Israel: The market where goods are free

It’s a large courtyard, filled with people, like any other marketplace you might find in towns across the world. Colourful flags are strung around, and little stalls hold boxes of clothing and household goods. Yet, stepping into this marketplace in Haifa, Israel, it’s suddenly clear that this one is special.

In the left corner is a stand with a woman busy writing down names and contact details of half a dozen other people standing around her. There’s a positive atmosphere in the courtyard. In the back is a huge pile of furniture, all from Crossroads, all waiting for new homes. Looking around at the people browsing the goods, it’s suddenly clear what makes this ‘marketplace’ different: no money is changing hands. The ‘customers’ looking at the goods are refugees and others in need who have found themselves in desperate circumstances in Israel.

Between 1989 and 2006, almost a million people emigrated from the former Soviet Union to Israel, escaping violent conflicts and collapsed economies. For a nation with only 4.5 million at that time, it was a huge influx of people. In recent decades, Crossroads has helped supply NGOs like the one running  this  distribution ‘marketplace’ in Haifa. We’ve shipped more than 20 containers of goods to support refugees and new immigrants start life afresh in a place of safety.

Most recently, 2014 saw a new wave of immigrants from the conflict between Ukraine and Russia, many of whom have sought help from this distribution centre. “I had families here, the last year, who came with war visible in their eyes,” said Victor, the centre’s director, who was a refugee himself from the former Soviet Union. “They didn’t have food, they didn’t have a house to stay in. They had absolutely no idea where to go. They didn’t even have official status in Israel because that takes some time. In the meantime, they were just wandering through the streets – mothers, fathers and children, all together. They don’t speak the language and they don’t know Israeli culture, so these people need a lot of help getting through these first weeks here.”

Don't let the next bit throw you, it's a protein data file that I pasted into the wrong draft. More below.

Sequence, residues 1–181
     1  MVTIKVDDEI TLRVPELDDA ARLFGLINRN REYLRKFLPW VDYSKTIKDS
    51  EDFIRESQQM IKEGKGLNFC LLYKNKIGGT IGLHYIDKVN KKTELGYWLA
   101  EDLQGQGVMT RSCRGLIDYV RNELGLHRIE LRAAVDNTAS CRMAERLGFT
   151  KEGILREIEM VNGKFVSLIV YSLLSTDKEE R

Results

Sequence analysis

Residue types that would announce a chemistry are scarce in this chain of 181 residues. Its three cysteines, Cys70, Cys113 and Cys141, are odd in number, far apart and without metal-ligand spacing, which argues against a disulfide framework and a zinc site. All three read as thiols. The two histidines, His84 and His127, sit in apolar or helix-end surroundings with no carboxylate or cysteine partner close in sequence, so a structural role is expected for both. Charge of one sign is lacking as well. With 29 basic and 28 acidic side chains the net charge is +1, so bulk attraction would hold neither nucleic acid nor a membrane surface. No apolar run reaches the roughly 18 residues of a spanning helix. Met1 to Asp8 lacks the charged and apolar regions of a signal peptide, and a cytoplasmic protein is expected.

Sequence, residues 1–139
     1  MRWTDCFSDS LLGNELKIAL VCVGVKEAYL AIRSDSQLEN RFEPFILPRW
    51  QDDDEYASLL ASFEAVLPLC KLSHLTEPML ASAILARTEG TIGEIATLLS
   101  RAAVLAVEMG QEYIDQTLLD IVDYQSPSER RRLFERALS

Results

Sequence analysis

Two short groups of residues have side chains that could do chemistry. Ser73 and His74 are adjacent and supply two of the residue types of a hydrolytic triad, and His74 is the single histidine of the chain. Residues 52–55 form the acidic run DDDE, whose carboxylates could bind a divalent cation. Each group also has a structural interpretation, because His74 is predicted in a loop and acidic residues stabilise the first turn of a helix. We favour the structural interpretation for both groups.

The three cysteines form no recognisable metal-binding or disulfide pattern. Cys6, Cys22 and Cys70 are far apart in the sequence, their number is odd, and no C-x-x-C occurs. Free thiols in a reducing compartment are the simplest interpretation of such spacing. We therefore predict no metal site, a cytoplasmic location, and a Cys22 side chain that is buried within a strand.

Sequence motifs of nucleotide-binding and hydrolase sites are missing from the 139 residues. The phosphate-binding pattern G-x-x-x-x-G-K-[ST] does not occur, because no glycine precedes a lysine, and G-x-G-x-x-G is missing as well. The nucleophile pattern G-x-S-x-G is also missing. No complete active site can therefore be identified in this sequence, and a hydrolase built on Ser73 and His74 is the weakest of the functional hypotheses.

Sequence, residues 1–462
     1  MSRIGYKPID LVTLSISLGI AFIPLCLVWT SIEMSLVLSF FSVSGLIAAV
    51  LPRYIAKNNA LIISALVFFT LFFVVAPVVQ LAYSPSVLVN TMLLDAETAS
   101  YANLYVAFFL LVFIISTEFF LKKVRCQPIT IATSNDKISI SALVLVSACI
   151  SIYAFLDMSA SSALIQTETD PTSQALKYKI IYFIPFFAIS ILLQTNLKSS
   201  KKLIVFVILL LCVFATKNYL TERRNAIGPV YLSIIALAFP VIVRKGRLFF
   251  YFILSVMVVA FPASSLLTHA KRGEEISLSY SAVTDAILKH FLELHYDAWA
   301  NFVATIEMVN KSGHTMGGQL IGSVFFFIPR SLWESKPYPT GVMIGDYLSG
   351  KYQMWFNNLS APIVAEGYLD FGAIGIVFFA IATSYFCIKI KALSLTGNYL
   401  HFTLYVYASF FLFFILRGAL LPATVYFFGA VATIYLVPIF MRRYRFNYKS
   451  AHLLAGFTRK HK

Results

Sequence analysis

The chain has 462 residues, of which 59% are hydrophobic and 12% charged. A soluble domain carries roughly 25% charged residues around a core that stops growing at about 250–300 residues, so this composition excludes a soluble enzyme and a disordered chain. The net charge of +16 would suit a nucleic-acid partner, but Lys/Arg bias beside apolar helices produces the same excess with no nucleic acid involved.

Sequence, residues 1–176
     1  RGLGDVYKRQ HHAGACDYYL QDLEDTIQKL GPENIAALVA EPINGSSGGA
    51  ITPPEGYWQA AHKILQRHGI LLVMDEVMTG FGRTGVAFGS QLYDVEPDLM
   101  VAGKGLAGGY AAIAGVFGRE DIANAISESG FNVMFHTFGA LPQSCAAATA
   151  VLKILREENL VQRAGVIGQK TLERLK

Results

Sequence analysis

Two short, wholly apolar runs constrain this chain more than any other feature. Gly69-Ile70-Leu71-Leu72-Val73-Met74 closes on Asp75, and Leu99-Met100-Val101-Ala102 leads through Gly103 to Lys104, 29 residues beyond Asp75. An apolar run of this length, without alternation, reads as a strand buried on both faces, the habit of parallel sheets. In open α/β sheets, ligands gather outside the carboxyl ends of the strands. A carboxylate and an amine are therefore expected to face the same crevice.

The government helps these new arrivals with accommodation, but often the homes are bare. Furniture from Crossroads, given out through this distribution centre, has helped many such refugees move from having nothing, sleeping on the floor, to having a real home for their family.

“It happens all the time that they come to me and ask why we are helping them and why we are being so nice,” reflects Victor. “I always explain that I was not different than they were, and have been going through the same process as they are now. It’s my vision to offer them the same chance as I had: to start a new future here. Not in war, but in peace.”

Outside, in the marketplace, an elderly lady is leaving with some pieces of clothing and a smile on her face. No strings attached and no bill to pay. This is not a place to pay money for clothes, but a place to receive love and the chance to start a new life.

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